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  • Writer's pictureJoan Rothchild Hardin

Weight and Food Intake Regulation

Study of the gut microbiome is uncovering some very interesting connections between what’s in there, body weight, and food intake regulation.

* Researchers summarizing recent studies on the regulation and  functions of the gut-brain axis found that it is heavily involved in the processes of satiety, food intake, regulation of glucose and fat metabolism, insulin secretion and sensitivity and bone metabolism. (Romijn, 2008)

* Altered gut microbiota, inflammation and gut barrier disruption are characteristics of both obesity and type-2 diabetes. A higher amount of a beneficial gut bacteria (Akkermansia muciniphila) has been found in thin mice than in overweight mice. These bacteria have been used to reverse obesity and type-2 diabetes in animal studies. The bacteria are thought to change the gut’s lining and the way food gets absorbed. (Gallagher, 2013)

* And an interesting finding from research on mice: When gut bacteria was taken from mice who’d undergone gastric bypass surgery and implanted into obese mice, the obese mice started to grow more healthy bacteria in their guts and lost weight. (Ramlagan, 2013)

We all know that adult and childhood obesity has become a serious health issue in the US and elsewhere. Beginning in the 1950’s, when calorie-dense/nutrient poor foods and beverages started becoming standard fare in this country, the number of people consuming what is aptly known as SAD (the Standard American Diet) has steadily risen – much to the detriment of both our microbiota and our overall health.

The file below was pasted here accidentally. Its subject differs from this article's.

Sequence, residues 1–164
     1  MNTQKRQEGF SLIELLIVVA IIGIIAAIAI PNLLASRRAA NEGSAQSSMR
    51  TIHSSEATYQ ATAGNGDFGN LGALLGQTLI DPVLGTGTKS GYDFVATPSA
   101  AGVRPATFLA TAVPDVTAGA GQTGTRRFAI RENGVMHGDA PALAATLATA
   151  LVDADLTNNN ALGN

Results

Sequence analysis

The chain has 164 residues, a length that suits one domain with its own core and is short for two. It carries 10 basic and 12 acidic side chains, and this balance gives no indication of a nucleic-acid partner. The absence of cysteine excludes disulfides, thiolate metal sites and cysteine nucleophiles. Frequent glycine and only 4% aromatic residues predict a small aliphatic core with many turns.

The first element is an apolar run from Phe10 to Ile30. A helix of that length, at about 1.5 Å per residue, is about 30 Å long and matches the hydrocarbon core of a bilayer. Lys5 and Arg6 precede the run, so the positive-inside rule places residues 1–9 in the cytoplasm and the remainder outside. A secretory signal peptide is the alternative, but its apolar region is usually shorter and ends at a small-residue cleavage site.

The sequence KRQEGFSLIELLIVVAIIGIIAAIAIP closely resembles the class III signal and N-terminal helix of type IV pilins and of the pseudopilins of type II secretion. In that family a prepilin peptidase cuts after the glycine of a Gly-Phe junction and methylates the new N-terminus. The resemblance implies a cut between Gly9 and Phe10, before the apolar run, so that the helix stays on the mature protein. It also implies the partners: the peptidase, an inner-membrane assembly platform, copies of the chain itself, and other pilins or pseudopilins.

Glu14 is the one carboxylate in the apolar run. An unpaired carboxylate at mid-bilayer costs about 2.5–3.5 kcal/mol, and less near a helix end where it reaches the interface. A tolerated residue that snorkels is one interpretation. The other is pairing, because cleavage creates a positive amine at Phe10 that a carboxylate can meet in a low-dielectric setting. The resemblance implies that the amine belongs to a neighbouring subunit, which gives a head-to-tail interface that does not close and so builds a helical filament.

Research is finding that, along with all the other health problems caused by obesity, it actually induces changes in the gut microbiota that facilitate the development of some cancers. (Ray, 2013)


Gallagher, J.  (2013).  ‘Weight loss gut bacterium’ found.  BBC News Health.  See

Ramlagan, N. (2013) Gastric Bypass Surgery Alters Gut Microbes. Science Translational Medicine. See

Ray, K. (2013). Gut microbiota: Obesity-induced microbial metabolite promotes HCC, Nature Reviews Gastroenterology and Hepatology, 10: 442. See

Romijn, J.A. et al. (2008). Gut-Brain Axis. Current Opinion in Clinical Nutrition and Metabolic Care, 11:4, 518-521.

A version of this page content will appear in my forthcoming 2014 Oriental Medicine Journal article THE MICROBIOTA-GUT-BRAIN AXIS: The constant two-way communication between our guts and our brains.

© Copyright 2013-2014 Joan Rothchild Hardin. All Rights Reserved.

DISCLAIMER:  Nothing on this site or blog is intended to provide medical advice, diagnosis or treatment.


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